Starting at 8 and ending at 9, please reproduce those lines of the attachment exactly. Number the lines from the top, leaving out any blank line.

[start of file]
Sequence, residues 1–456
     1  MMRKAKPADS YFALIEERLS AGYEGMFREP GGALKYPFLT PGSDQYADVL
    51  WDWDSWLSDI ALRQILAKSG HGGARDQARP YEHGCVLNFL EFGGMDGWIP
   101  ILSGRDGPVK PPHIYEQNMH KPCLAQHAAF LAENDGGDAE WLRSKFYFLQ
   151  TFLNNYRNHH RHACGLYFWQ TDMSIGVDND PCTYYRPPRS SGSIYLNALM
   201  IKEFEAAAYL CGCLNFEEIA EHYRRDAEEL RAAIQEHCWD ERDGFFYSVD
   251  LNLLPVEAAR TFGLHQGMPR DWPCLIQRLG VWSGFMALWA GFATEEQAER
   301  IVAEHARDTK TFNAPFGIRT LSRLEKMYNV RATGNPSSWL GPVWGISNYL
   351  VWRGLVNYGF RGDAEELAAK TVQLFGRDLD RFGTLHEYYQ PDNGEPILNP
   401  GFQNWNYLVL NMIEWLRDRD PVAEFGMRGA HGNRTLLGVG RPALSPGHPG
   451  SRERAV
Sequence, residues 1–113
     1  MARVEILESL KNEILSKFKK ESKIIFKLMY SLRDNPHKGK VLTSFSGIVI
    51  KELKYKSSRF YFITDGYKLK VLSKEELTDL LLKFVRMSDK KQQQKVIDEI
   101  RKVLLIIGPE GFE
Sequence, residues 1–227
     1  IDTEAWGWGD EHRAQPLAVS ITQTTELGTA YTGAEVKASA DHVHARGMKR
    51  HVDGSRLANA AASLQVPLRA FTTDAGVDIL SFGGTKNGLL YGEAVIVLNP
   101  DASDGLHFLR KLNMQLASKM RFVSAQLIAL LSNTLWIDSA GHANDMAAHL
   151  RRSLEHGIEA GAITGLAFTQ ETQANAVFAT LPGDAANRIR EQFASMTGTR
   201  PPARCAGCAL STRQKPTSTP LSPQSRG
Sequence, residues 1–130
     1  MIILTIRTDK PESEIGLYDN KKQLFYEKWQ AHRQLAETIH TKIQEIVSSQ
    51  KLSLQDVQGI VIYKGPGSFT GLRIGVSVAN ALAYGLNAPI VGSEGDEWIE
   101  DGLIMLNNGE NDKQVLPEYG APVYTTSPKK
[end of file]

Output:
   301  IVAEHARDTK TFNAPFGIRT LSRLEKMYNV RATGNPSSWL GPVWGISNYL
   351  VWRGLVNYGF RGDAEELAAK TVQLFGRDLD RFGTLHEYYQ PDNGEPILNP